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  Recurrent connectivity regulates the ability of inhibitory STDP to produce E/I co-tuning in a spiking network

Giannakakis, E., Vinogradov, O., & Levina, A. (2021). Recurrent connectivity regulates the ability of inhibitory STDP to produce E/I co-tuning in a spiking network. Poster presented at Bernstein Conference 2021.

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Giannakakis, E1, 2, Author           
Vinogradov, O1, 2, Author           
Levina, A1, 2, Author           
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1Department of Computational Neuroscience, Max Planck Institute for Biological Cybernetics, Max Planck Society, ou_3017468              
2Max Planck Institute for Biological Cybernetics, Max Planck Society, ou_1497794              

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 Abstract: The detailed balance of excitation and inhibition has been shown to control network dynamics and boost signal propagation in cortical networks [1]. Such balance can be created via the co-tuning of excitatory and inhibitory synaptic weights (Fig 1.B) that develop following various plasticity rules. While the ability of STDP to form excitatory receptive fields has been long demonstrated, only recently have computational studies demonstrated the ability of inhibitory STDP (iSTDP) to produce inhibitory tuning that mirrors excitatory connectivity [2] in a feedforward network propagating distinct signals. However, given the ubiquitous presence of noise and highly recurrent connectivity in biological neural networks, the question arises whether a tight E-I co-tuning can be produced by inhibitory STDP in networks where noise and recurrent connectivity affect the correlation structure of the inputs that a neuron receives. Our study examines the ability of iSTDP, to produce detailed E/I balance of synaptic currents converging to a single postsynaptic neuron under realistic levels of noise and recurrent connectivity in the presynaptic populations. Our findings suggest that presynaptic noise (Fig 1.C) and/or unstructured recurrent connectivity (Fig 1.D) can significantly affect the ability of iSTDP to produce E/I co-tuning due to their effect on the covariance structure of the resulting input currents the postsynaptic neuron receives (Fig 1.E). We investigate this effect in a reduced rate model and compare our findings with a large complex network of LIF neurons (Fig 1.A). We subsequently investigate whether specific structures in the presynaptic connectivity can produce the necessary input statistics for E/I tuning to emerge. To this end, we utilize a Bayesian approach [3] to estimate the connectivity parameters that result in the appropriate input statistics. We find that specific clustering of the pre-synaptic connections can create the conditions for E/I tuning to emerge (Fig 1.F), by reinforcing the signal that noise and unstructured recurrence weaken. Our findings suggest that the effects of noise and recurrent connectivity on the ability of iSTDP to produce E/I co-tuning can be effectively mitigated by the highly clustered topology of the presynaptic network. We thus suggest that a combined effect of connectivity and plasticity allows E/I co-tuning to emerge in networks with biologically plausible connectivity structures.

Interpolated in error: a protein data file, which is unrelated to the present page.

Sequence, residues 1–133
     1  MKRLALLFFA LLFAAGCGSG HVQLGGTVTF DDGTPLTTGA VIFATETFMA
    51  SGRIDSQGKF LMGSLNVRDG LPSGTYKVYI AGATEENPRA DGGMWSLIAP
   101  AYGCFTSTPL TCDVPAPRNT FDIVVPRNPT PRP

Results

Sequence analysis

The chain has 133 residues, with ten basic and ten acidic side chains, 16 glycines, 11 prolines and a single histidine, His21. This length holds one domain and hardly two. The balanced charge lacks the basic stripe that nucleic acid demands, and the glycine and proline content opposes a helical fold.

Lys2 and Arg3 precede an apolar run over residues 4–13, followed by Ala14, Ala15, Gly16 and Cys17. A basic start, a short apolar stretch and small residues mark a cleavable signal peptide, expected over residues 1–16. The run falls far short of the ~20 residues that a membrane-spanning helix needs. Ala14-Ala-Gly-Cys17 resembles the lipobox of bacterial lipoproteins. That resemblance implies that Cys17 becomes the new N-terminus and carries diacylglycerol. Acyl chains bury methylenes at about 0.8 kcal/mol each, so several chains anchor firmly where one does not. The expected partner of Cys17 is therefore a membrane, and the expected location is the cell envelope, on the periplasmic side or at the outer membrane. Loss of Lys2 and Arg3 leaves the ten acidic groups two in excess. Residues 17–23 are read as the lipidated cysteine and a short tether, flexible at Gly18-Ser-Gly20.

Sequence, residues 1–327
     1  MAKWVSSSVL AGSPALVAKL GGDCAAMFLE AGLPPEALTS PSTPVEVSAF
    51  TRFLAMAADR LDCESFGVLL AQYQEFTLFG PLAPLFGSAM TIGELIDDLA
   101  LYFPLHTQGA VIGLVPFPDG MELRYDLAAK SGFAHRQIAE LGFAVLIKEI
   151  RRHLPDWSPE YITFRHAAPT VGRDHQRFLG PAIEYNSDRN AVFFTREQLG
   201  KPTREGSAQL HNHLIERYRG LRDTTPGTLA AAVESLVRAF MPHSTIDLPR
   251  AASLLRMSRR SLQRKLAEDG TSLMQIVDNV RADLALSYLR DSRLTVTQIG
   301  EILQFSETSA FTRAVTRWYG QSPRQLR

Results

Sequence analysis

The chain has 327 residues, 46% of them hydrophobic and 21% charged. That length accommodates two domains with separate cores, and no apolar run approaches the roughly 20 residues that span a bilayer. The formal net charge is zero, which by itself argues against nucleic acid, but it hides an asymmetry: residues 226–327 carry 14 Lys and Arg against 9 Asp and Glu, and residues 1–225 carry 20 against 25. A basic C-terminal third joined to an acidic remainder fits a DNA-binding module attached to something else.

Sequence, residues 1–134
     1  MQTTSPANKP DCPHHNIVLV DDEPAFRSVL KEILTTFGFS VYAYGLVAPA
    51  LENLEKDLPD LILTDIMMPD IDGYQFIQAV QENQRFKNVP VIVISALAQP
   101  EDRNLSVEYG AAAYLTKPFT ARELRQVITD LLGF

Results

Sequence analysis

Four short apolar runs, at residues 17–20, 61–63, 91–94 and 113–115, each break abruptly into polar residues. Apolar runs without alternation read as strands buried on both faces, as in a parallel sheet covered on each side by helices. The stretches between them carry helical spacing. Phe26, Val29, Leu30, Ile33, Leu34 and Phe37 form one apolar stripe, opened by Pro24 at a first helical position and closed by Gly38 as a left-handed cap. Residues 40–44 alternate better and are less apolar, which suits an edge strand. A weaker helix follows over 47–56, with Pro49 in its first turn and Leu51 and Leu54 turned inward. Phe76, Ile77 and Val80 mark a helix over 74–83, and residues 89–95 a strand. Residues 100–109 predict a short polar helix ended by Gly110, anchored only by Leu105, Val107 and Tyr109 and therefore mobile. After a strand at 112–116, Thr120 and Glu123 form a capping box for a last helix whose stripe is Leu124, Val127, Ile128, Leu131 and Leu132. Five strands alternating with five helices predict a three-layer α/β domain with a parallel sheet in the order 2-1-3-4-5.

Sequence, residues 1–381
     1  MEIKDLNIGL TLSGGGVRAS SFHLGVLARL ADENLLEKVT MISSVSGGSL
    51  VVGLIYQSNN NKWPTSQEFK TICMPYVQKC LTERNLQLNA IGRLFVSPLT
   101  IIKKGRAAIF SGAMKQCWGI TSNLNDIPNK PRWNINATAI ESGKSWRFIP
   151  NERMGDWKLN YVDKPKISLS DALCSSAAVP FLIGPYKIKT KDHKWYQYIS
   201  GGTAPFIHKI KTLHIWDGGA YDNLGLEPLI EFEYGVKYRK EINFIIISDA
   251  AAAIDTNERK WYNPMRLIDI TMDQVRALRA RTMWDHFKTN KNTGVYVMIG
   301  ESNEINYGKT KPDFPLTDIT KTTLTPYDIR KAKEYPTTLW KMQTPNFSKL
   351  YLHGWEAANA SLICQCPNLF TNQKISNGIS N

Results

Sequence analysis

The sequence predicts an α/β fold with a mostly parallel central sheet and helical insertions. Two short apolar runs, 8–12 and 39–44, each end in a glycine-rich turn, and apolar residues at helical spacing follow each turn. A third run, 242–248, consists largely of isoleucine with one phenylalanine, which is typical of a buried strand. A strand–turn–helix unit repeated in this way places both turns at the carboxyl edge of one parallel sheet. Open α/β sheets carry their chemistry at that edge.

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 Dates: 2021-09
 Publication Status: Published online
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Title: Bernstein Conference 2021
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Start-/End Date: 2021-09-21 - 2021-09-24

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Title: Bernstein Conference 2021
Source Genre: Proceedings
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Pages: - Volume / Issue: - Sequence Number: P 33 Start / End Page: - Identifier: -